Fleet News

Thieves target keyless entry cars with ‘relay attack’

Vehicle theft

A new trend in vehicle theft termed ‘relay attack’, is allowing criminals to overcome existing vehicle security technology, such as immobilisers and keyless entry systems.

The new style attack uses a relay device and involves two criminals working together. One stands near the car being targeted and the other stands near the front door of the owner’s home to get in range of the key fob – often left on hallway tables or kitchen worktops. The device then picks up the key fob signal from inside the house and relays it to the car. Using this method, thieves are then able to drive away in a stolen vehicle in a matter of just a few seconds.

Tracker says Car criminals are now far more likely to be computer savvy, than have the ability to hot-wire a car.

 “At Tracker, we are seeing more thefts recorded as ‘stolen without the keys' which suggests   that electronic manipulation and cyber compromise are on the increase,” explains Andy Barrs, head of Police Liaison at Tracker.

“The new relay attack technique has gained significant ground in the US and Germany, but it’s also beginning to take hold in the UK, so vehicle owners need to protect themselves and their assets.”

According to German research, which tested vehicles from 30 manufacturers, the brands to particularly be on watch out for are BMW and Peugeot.  However, using a relay device, testers managed to unlock many vehicles and start the engine, with the BMW 7 Series, Ford Focus, Toyota Prius and VW Golf among the most affected models of vehicle.

Barrs added: “As relay attacks become even more prevalent, owners need to protect themselves, particularly since criminal gangs are routinely using relay devices to exploit weaknesses in keyless security systems across a broad range of manufacturers. These tools are readily available on the internet for as little as £80 and thefts typically occur in residential areas, where cars are parked relatively close to the house, especially at night.”

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  • Nick B - 10/08/2017 11:49

    Would anyone know if placing the key fob inside an aluminium alloy container with lid protect the fob. There is a product out there that protects contactless cards contained in an aluminium alloy holder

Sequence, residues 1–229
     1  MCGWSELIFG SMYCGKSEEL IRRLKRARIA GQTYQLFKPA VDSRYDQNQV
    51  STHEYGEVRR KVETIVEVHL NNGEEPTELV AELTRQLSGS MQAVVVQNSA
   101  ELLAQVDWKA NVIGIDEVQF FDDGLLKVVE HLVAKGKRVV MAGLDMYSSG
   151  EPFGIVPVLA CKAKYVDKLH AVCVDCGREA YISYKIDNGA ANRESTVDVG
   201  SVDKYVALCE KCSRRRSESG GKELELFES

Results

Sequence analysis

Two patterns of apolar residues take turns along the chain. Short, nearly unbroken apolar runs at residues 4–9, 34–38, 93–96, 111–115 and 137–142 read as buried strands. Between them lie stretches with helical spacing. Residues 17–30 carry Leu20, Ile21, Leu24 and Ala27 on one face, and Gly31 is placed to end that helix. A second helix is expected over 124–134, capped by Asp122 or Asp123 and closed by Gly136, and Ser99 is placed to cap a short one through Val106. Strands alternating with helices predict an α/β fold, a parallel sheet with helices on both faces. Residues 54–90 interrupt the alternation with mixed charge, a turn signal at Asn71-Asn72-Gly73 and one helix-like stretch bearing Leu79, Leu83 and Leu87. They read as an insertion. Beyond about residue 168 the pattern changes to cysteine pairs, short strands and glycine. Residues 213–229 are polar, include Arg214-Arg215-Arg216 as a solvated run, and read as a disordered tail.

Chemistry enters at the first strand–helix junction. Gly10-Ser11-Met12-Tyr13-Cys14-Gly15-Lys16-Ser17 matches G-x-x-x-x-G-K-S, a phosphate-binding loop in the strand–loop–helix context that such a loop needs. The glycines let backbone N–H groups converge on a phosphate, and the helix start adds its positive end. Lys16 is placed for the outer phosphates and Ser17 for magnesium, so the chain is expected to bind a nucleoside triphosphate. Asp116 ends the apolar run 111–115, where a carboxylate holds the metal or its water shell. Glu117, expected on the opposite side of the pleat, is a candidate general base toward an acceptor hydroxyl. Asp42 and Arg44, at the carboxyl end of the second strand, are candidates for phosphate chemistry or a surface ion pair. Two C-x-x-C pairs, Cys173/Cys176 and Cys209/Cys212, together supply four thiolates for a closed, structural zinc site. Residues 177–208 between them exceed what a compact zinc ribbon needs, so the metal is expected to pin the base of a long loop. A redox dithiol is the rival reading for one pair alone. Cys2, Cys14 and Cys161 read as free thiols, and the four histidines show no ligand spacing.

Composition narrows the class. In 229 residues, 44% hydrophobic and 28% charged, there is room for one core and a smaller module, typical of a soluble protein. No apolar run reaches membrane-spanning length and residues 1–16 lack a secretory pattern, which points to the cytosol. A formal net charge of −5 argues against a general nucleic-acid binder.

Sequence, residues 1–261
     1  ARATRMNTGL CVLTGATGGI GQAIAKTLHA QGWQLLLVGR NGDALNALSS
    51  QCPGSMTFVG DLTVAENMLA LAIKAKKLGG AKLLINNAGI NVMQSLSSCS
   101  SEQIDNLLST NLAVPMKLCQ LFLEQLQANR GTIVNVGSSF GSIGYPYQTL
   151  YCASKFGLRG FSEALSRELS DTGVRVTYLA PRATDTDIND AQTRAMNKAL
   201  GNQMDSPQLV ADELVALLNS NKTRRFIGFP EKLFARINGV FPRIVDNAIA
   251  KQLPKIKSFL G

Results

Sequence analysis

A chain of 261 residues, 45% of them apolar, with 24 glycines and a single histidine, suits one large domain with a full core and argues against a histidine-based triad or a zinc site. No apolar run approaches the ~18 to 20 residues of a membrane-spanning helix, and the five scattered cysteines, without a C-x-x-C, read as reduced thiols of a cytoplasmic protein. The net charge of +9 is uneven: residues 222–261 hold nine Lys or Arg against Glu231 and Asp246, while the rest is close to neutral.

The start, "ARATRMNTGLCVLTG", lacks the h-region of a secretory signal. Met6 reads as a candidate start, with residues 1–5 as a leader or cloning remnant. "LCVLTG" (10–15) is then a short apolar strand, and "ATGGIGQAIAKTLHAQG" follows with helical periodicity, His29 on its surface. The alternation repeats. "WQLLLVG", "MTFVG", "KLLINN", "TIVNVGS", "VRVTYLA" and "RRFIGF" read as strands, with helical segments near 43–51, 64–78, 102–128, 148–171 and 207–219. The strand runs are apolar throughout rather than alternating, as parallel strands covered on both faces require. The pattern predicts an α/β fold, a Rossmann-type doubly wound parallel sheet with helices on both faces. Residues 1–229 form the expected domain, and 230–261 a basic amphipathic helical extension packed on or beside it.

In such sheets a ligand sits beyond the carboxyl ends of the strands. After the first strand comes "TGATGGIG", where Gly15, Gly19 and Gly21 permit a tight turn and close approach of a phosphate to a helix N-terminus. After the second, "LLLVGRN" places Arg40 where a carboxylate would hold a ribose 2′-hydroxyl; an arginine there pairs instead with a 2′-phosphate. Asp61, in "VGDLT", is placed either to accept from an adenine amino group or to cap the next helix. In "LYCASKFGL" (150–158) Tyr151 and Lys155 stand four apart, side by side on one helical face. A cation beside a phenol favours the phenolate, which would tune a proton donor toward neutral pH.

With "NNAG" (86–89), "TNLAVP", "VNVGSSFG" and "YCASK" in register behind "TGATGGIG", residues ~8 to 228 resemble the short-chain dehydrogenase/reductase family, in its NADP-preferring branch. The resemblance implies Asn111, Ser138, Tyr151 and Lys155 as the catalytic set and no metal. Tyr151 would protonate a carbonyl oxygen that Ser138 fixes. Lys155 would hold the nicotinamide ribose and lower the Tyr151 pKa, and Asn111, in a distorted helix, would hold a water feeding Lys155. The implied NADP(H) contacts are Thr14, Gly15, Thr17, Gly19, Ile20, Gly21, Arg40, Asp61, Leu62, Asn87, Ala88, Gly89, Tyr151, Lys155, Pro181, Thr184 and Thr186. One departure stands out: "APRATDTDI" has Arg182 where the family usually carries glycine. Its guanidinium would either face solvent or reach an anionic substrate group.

• Pat - 10/08/2017 11:57

      It may work - metal biscuit tins often do the trick lined with foil. You can buy bespoke pouches on amazon that do the job even better. A modern age faraday cage! At least the manufacturers are ignoring the issue and still producing pointless keyless cars. They could add an option of "keyed" ignition as a security upgrade! Meanwhile owners and fleet pick up the bill caused by thefts.

  • Nigel Boyle - 10/08/2017 12:29

    A shame garages are not used more, they put paid to this practice!

  • Robin Orton - 10/08/2017 23:17

    Wow, these relay thefts. Here's a thought - why don't the makers use a lock, with a physical device - let's call it a 'key' - to unlock it. As an extra protection, you could have another lock - for example, on the steering - so it would be virtually impossible to steal the car without this special 'key'.......

  • M.Williams - 11/08/2017 16:40

    Less than £10 will buy a signal blocking Faraday bag which will block the signal from the key fob. Put your mobile phone inside it while you are on the move and it will also block the signal to/from the phone, make it less tempting to use when you should be concentrating on driving.....

  • John English - 13/08/2017 00:37

    Nick B: Yes, aluminum foil or a metal box will do. There are also pouches out there which are much more convenient and slip into your jeans. Same pouches are being used to protect fleets and rental lots for years now. Just google for "FobGuard".

  • Boris - 01/12/2017 09:54

    Hardly a "new trend". This vulnerability has been known about and exploited for years. It's obvious, simple to do and entry systems can only protect against it if the relay equipment introduces a significant time delay. Manufacturers are being very irresponsbile by rolling out keyless entry across more of their ranges. They all know the problems and the canned responses given in this article are meaningless noise. A remote with a button is more secure by several orders of magnitude.

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